Trump's legal team will file a complaint early next week with the Justice Department's inspector general. The complaint will take issue with Comey's revelation that he asked a friend to pass along to a reporter notes he took of his private conversations with the president.
That's according to a person close to the legal team who agreed to speak ahead of the filing on condition that the person's name is not used.
The team is also expected to file a submission with the Senate Judiciary Committee.
Trump has a long history of threatening to file complaints and lawsuits and not following through.
—By Jill Colvin
House Democratic leader Nancy Pelosi says she has concerns about President Donald Trump's "fitness for office" — and thinks he needs more sleep.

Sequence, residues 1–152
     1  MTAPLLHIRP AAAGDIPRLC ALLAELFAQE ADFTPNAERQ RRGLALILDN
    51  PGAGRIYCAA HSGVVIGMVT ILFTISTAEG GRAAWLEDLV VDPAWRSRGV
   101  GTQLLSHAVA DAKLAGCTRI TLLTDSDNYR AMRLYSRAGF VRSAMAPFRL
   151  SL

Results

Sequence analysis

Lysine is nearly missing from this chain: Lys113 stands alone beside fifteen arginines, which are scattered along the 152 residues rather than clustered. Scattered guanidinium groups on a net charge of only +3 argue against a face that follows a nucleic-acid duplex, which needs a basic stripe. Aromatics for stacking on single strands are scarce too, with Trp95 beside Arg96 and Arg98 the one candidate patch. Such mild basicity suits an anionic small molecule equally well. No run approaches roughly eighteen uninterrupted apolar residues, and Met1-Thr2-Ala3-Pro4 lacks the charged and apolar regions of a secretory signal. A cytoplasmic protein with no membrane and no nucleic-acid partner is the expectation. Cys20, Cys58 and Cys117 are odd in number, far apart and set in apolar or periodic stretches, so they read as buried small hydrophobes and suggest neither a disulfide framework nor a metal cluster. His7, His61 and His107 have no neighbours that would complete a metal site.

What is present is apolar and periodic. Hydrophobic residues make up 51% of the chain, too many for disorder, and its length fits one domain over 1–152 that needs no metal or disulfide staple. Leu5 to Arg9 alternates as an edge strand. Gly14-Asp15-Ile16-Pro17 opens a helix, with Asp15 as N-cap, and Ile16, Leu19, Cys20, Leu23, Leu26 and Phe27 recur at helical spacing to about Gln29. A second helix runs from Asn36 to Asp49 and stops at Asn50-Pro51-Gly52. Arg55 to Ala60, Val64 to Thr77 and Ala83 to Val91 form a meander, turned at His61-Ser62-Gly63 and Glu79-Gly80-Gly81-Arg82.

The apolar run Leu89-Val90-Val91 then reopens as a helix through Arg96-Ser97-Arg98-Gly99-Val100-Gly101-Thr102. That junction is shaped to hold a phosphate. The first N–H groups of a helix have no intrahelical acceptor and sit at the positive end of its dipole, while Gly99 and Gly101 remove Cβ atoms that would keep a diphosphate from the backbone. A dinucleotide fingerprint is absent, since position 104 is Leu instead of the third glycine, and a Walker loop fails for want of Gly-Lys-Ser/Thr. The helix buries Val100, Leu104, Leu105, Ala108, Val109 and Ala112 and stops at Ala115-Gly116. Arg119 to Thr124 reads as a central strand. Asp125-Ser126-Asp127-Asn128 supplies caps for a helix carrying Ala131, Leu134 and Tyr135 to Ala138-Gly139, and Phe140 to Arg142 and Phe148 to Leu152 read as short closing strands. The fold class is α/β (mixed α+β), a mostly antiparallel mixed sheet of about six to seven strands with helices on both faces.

Pelosi is citing Trump's habit of early morning tweeting, as well as Thursday's congressional testimony by former FBI Director James Comey. Comey told senators he believed Trump fired him because of the Russia investigation.
Trump has come out with a tweet early Friday: "Despite so many false statements and lies, total and complete vindication ... and WOW, Comey is a leaker."
Pelosi is assessing the president this way: "I'm concerned about his fitness for office."
She says she believes part of the problem is a lack of shut-eye.
In her words — "More sleep might be a solution for him."
A Republican member of the Senate Intelligence committee says Congress should obtain any tapes that President Donald Trump might have of his conversations with the man he fired as FBI director — James Comey.
Comey testified before that committee on Thursday, and Sen. Susan Collins tells MSNBC's "Morning Joe" that she found him "credible, candid and thorough."